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Cowan’s black powder

Raining up here again, sheets of it coming in from the east, squalls buffeting ashore .. the Richmond a black shade of grey with so much floodwater running out it’s like a never-ending ebb tide.

Cowan’s black powder came to mind.

Analyst Cowan was looking for common poisons and no doubt subjected the black powder he shook from the brush to all the standard poison tests, all proving negative. So it’s not as if the black powder was unidentifiable, it was just not identifiable as a common poison.

So  …

I grabbed a brush I’d been polishing my boots with for a lot of years, held it over a sheet of A4 and loosened out anything trapped in the bristles, made a little pile out of the result and took a photo (see pic)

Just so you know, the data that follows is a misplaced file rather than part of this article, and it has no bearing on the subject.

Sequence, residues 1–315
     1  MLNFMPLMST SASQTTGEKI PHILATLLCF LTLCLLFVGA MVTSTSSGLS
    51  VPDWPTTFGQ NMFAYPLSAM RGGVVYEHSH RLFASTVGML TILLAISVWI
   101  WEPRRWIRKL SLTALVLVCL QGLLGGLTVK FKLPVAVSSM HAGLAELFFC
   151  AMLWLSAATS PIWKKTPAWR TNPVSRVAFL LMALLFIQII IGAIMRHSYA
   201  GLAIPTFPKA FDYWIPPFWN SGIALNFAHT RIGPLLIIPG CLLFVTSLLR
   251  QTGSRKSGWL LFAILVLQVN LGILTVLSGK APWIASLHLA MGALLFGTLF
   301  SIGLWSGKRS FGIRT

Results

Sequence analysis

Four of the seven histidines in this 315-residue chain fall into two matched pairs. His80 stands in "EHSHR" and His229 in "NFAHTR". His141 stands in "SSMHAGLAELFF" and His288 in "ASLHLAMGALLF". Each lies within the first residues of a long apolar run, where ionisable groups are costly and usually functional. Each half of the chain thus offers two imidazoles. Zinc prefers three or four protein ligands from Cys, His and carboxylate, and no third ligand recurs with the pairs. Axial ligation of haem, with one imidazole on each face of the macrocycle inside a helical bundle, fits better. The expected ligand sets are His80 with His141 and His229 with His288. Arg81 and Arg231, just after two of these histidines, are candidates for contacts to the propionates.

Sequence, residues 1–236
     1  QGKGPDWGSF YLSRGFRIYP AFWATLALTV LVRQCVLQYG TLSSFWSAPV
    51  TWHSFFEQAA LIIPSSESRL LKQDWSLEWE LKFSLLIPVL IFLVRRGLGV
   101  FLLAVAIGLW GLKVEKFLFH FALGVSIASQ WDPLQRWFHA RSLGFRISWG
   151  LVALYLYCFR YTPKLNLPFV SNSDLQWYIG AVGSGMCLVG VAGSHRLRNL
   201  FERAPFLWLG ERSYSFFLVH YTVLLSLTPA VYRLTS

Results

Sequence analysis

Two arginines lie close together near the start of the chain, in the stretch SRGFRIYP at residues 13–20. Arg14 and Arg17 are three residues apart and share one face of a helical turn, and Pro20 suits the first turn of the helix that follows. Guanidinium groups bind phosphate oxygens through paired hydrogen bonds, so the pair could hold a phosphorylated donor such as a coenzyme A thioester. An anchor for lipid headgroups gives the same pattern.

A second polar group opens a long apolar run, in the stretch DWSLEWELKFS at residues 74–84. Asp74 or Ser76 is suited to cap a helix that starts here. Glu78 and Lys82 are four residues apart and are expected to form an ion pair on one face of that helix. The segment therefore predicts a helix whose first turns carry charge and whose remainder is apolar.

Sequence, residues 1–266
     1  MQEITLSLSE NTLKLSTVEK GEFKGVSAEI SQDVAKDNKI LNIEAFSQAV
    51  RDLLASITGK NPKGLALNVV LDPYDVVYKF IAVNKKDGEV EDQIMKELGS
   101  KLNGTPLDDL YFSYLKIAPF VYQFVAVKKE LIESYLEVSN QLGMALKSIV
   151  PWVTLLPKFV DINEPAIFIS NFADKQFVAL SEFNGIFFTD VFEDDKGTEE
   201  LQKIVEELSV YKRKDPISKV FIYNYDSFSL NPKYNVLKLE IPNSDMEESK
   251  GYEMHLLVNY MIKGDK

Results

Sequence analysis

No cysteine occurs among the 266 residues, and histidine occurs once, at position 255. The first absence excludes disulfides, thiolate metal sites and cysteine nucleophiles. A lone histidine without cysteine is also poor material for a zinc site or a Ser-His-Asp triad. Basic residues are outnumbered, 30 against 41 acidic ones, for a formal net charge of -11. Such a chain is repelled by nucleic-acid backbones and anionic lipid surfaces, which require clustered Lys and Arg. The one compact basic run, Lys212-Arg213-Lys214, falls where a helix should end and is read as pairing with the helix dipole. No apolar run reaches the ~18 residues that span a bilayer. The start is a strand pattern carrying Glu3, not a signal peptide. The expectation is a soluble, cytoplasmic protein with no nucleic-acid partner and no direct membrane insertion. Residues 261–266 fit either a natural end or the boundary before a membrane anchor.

That’s black powder, and my boots are tan.

Then the little voice interrupted and suggested Cowan should have been able to smell any boot polish remaining on the brush. Fair enough, but mine didn’t smell of anything either, neither did the dust. All this might then explain the absence of a polishing rag in his luggage. Kiwi boot polish yes, but no square of soft material used to buff up his very shiny shoes. No need though, he used the brush to both apply a dab of polish then buff the leather up into a shine. The scissors he used to cut his own hair, the knife to clean his nails and open letters. The thread to repair his duds and a shirt.

These we harder times.

  ..  That’s my thinking.


2 Comments Post a comment
  1. Andy Baader #

    Military “bulling” technique involves a first application of polish or wax with a brush. Subsequent polishing, in layers, is done with a soft cloth.

    See here:

    On that note: do we know what some of the soiled undergarments were stained with?

    Tan polish might look a bit like skids.

    April 5, 2021
    • Andy, I doubt he would only have done it once, that being the case the soiling would have been of a different nature to what you have in mind.

      April 6, 2021

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